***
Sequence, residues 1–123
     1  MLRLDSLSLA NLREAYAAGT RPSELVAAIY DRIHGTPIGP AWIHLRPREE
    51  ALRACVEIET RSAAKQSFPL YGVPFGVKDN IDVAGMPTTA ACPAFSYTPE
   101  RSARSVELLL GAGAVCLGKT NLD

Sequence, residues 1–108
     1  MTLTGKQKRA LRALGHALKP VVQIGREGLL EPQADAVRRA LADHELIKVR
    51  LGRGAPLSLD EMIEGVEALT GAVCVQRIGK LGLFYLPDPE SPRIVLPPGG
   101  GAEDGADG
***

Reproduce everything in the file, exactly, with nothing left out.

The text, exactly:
Sequence, residues 1–123
     1  MLRLDSLSLA NLREAYAAGT RPSELVAAIY DRIHGTPIGP AWIHLRPREE
    51  ALRACVEIET RSAAKQSFPL YGVPFGVKDN IDVAGMPTTA ACPAFSYTPE
   101  RSARSVELLL GAGAVCLGKT NLD

Sequence, residues 1–108
     1  MTLTGKQKRA LRALGHALKP VVQIGREGLL EPQADAVRRA LADHELIKVR
    51  LGRGAPLSLD EMIEGVEALT GAVCVQRIGK LGLFYLPDPE SPRIVLPPGG
   101  GAEDGADG